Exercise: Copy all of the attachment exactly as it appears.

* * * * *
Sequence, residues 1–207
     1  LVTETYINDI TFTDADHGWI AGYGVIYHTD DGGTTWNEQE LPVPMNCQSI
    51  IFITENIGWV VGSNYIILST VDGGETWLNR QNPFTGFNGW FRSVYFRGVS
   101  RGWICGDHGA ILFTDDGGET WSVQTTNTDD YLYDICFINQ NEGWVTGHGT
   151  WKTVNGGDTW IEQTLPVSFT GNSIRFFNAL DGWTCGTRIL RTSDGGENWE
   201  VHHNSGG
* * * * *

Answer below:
Sequence, residues 1–207
     1  LVTETYINDI TFTDADHGWI AGYGVIYHTD DGGTTWNEQE LPVPMNCQSI
    51  IFITENIGWV VGSNYIILST VDGGETWLNR QNPFTGFNGW FRSVYFRGVS
   101  RGWICGDHGA ILFTDDGGET WSVQTTNTDD YLYDICFINQ NEGWVTGHGT
   151  WKTVNGGDTW IEQTLPVSFT GNSIRFFNAL DGWTCGTRIL RTSDGGENWE
   201  VHHNSGG